Background — Prior work using symptom burden to predict ED visits among cancer patients has utilized traditional statistical methods such as logistic regression. Machine learning approaches for prediction, such as artificial neural networks, are gaining attention but are yet to be commonly applied in practice.
Methods — This was a population-based study of patients diagnosed with cancer between 2007 and 2015 in Ontario, Canada. After splitting the cohort into training and test sets, an artificial neural network (ANN) model and a logistic regression (LR) model were developed on the training cohort to predict the risk of an ED visit within 7 days following an assessment of symptom burden. The predictive performance of each risk model was assessed on the test cohort and compared with respect to area under the curve and calibration.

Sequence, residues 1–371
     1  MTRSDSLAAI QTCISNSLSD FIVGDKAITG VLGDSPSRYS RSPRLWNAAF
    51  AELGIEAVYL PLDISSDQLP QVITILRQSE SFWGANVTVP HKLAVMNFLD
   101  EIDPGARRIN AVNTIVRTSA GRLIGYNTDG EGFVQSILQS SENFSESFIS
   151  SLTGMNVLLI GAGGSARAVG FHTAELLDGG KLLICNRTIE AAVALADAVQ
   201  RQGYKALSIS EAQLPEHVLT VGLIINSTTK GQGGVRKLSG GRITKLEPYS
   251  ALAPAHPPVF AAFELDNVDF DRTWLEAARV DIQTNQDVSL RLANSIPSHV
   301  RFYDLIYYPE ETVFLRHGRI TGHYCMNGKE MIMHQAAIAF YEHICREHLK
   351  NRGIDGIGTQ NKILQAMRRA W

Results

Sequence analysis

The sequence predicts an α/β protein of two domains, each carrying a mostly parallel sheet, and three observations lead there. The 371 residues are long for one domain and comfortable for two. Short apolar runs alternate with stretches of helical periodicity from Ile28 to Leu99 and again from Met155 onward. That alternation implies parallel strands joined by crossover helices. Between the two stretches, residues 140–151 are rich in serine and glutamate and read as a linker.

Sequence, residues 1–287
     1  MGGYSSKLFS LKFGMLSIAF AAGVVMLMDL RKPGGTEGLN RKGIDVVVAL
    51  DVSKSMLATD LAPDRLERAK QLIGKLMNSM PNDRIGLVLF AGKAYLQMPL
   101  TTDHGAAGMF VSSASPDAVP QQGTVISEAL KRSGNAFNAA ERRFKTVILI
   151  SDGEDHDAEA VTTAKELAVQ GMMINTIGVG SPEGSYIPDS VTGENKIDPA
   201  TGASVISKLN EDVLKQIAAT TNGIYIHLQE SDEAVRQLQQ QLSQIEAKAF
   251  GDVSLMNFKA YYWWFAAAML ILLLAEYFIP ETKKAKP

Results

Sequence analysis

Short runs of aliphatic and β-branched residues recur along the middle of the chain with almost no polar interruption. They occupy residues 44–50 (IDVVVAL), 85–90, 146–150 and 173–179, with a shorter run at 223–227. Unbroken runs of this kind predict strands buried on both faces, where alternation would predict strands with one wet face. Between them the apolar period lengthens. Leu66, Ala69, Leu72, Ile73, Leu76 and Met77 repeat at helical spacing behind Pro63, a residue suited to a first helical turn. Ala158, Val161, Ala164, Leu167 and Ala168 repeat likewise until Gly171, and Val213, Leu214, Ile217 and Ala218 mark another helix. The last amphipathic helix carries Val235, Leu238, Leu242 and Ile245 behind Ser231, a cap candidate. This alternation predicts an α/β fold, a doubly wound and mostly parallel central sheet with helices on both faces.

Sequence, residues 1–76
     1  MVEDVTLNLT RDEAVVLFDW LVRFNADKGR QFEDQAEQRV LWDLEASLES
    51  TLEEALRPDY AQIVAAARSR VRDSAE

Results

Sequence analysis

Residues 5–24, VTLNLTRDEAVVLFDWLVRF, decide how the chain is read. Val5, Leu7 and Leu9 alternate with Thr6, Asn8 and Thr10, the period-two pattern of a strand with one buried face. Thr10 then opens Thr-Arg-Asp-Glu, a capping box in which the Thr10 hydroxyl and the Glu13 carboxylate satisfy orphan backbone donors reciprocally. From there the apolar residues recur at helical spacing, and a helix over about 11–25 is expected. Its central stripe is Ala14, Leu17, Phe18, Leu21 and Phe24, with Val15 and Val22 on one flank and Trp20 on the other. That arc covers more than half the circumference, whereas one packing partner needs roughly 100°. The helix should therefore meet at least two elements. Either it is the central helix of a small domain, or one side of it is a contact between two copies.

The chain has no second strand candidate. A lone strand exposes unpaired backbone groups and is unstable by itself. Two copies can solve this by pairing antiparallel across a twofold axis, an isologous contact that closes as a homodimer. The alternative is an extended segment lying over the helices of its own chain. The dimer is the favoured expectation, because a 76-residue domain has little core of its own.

Results — The training cohort consisted of 170,092 patients undergoing 1,015,125 symptom assessments and the remaining 42,523 patients undergoing 252,169 symptom assessments were set aside as the test cohort. Both models performed similarly with respect to specificity (ANN 67.0%, LR 67.3%) and accuracy (ANN 67.1%, LR 67.2%), and only minor improvement was found with respect to sensitivity (ANN 68.9%, LR 67.1%), discrimination (ANN 74.3%, LR 73.7%), and calibration under the ANN model compared to the logistic regression model. The most notable improvement in calibration was found among patients in the highest ED visit risk percentile.
Conclusion — Although both models were similar in predictive performance using our data, ANNs have an important role in prediction due to their flexible structure and data-driven distribution-free benefits, and should thus be considered as a potential modeling approach when developing a prediction tool.